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The crosswalk at North Point and Lodge Farm Roads. North Point Road offers one way in and one way out of the community. The location of the crosswalk, along with the terrain of the road at that location, make it a safety hazard for pedestrians.

Taylor said Edgemere has a streetscape that was designed in 2010. It begins at the Edgemere Senior Center (6600 North Point Rd.) and runs south to Willow Road, near Shaw’s Discover. Taylor said that for Edgemere residents who live on North Point Road, there is only one way in and one way out. Both ends of the road connect to North Point Boulevard.

Caslan said part of her route runs past Sparrows Point Middle and High Schools. The building has a sidewalk in front of it, but only stretches beyond both sides. Caslan said she is on the side of the road once she passes the school.

“For someone in a wheelchair, it’s dangerous,” Caslan said.

Metzgar said the situation has been a concern for him for “several years now.” Jan. 11 was the first time he was able to have state officials visit the community, he said.

“I can tell you that I have been watching it for six years, since I’ve been in office,” Metzgar said. “I realized just today, when I was coming into the 7-11 [on North Point Boulevard], the passway is not safe. It’s dangerous right there.”

Metzgar said a major concern he hears from constituents that live in Edgemere is the noise factor. Tractor trailers travel both ways on North Point Boulevard during all hours of the day and night, he said. The noise concern has been brought up in community and county meetings in the past.

Metzgar said he has spoken with business owners on North Point Boulevard at and near the problem area. Business owners share concerns of tractor trailers hitting their businesses. Traffic safety and noise safety are his two biggest concerns in the area, he said.

“We have to get safety barriers up,” he said. “We have to get these turning lanes corrected. We have to get sound barriers, and we have to figure out a way to get this traffic under control.”

Taylor said the issue behind correcting these issues is funding. Taylor said he had a proposed streetscape that he presented to Baltimore County in the past. He was told those plans went against current standards.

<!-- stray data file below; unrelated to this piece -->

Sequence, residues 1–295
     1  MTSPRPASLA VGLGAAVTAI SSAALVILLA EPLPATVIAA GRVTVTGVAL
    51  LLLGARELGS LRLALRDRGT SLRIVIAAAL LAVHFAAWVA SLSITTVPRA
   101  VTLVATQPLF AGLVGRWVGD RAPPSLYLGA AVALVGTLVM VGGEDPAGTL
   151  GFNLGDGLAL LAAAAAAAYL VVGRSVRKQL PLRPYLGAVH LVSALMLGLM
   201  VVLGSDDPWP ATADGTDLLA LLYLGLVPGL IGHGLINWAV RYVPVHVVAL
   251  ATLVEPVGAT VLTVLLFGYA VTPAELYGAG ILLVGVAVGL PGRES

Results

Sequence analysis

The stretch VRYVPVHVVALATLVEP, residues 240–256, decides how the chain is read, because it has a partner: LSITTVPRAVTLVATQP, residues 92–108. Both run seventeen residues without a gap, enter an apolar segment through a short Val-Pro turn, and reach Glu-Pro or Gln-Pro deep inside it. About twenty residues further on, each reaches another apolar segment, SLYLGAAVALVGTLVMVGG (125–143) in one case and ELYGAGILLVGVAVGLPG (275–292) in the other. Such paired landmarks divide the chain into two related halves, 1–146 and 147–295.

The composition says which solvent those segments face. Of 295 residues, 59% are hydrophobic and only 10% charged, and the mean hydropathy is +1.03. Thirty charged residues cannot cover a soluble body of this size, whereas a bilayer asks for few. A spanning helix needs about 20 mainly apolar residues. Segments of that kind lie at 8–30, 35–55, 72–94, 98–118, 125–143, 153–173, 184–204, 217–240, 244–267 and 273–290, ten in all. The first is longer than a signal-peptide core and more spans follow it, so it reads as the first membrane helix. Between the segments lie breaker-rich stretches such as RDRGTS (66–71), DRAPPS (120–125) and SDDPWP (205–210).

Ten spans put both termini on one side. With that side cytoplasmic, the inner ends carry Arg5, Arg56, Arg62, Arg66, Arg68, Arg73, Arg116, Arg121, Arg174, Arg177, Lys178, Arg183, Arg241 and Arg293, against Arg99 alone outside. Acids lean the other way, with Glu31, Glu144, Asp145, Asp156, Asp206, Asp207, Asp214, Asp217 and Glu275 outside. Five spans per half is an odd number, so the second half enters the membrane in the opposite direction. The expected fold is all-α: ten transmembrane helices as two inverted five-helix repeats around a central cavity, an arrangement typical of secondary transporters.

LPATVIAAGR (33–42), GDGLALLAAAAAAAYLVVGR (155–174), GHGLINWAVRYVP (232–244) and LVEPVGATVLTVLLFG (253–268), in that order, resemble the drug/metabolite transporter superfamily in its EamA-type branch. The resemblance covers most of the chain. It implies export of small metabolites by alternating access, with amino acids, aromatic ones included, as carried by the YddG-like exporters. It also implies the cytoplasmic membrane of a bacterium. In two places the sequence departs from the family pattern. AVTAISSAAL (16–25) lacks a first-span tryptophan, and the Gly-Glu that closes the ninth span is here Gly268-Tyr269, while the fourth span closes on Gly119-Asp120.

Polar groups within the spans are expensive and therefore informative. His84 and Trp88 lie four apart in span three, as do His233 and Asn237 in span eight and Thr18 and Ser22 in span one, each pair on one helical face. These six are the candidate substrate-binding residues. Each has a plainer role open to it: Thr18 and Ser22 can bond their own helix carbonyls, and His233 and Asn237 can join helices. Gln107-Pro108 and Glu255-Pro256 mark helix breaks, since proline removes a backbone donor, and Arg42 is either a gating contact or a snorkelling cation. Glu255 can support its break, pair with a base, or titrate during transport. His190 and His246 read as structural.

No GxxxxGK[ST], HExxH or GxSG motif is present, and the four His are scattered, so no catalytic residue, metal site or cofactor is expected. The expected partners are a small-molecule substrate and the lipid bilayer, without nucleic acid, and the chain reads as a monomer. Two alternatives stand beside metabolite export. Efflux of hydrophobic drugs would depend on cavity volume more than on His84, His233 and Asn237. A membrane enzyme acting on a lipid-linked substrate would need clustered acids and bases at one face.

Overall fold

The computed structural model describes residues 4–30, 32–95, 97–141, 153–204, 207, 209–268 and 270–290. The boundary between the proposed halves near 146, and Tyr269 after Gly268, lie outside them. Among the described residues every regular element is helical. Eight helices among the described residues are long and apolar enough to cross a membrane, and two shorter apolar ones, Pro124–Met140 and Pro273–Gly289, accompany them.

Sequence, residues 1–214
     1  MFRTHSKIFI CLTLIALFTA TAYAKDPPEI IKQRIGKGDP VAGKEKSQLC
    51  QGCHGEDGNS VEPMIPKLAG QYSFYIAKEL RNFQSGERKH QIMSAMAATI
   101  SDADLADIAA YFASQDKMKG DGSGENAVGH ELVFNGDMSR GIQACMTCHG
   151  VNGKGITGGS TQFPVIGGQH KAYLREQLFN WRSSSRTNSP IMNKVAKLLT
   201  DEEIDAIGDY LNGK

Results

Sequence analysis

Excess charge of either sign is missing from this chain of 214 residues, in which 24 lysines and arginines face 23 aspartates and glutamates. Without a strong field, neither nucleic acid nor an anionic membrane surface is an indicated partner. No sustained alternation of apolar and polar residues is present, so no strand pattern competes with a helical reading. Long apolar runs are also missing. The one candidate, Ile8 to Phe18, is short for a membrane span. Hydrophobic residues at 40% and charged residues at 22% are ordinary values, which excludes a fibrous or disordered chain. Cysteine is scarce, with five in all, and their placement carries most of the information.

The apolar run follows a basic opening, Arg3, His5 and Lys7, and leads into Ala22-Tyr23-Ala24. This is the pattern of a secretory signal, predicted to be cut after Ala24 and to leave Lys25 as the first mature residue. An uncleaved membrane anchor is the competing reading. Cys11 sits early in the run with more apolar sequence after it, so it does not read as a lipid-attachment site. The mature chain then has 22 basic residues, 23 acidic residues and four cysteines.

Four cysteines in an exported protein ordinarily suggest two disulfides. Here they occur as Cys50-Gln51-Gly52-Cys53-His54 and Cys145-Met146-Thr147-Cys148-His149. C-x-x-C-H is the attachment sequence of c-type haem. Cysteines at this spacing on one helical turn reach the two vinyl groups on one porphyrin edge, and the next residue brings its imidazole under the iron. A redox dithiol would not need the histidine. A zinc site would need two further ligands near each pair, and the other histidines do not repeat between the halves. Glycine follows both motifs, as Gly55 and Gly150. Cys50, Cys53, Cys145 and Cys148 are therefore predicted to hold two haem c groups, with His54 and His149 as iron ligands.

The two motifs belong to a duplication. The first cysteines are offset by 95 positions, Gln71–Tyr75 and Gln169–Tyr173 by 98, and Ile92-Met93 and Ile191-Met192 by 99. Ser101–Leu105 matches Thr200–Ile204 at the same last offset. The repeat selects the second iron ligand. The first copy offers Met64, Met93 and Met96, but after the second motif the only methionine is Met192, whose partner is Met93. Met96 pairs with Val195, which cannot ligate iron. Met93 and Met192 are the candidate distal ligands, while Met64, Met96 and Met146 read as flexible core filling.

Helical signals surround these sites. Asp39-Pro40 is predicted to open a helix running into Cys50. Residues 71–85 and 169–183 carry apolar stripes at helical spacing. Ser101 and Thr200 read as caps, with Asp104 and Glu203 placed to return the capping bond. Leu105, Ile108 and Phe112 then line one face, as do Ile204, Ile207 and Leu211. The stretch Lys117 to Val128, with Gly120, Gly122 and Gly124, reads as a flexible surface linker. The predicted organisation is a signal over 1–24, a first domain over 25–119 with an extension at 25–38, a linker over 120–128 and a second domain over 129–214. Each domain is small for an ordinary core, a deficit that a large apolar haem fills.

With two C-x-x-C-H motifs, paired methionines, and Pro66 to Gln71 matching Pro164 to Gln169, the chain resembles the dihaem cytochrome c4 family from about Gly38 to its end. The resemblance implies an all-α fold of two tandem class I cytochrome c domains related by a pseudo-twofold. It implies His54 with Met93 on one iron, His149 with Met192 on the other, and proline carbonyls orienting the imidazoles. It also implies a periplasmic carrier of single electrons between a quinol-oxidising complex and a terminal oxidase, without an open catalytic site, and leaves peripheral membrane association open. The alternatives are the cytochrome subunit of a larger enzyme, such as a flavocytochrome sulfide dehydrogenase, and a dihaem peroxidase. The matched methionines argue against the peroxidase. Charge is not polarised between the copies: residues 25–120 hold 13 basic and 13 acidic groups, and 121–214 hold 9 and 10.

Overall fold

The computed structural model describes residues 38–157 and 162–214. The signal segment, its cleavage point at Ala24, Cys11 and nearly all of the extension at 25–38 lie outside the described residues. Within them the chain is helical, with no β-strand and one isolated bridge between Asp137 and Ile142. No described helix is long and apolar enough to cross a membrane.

“I do have to say that the County has made safety along that business stretch a priority,” Taylor said. “I’m very confident that they will come back with something to the community. Maybe not shortly, but we’re going to be hearing something.”

Taylor said Pete Kriscumus, Director of Community Engagement for Baltimore County, is spearheading this project. The Eagle did not contact Kriscumus before this newspaper went to press. Updated comments from Kriscumus are expected in the Jan. 21 issue.

Taylor said that a wide range of Edgemere residents met virtually with Kriscumus on Dec. 22, including members of the North Point Peninsula Council, St. Luke’s Catholic Church. St. Luke’s Place and the North Point-Edgemere Volunteer Fire Company. Taylor said County officials have visited the problem areas on these two roads on two different occasions in recent months.

Taylor said he remains in contact with Kriscumus regarding traffic safety. Kriscumus is waiting on Baltimore County to have something concrete before returning to the community, Taylor said.

Caslan said she hopes something can be done soon. Caslan was crossing the street near the North Point Edgemere Volunteer Fire Company when she saw Metzgar, Taylor and state officials from the Maryland Department of Transportation. She shared her hope with the Eagle that something can be done soon.

“In society today, we have to take care of the [older adults],” Caslan said. “Some of them are veterans who served their country.”

“I’m 56, so I’m still in some shape. I do what I can [for her neighbors]. Some of these [older adults] don’t have family.”

The Eagle will continue to monitor this situation and provide updates when they become available.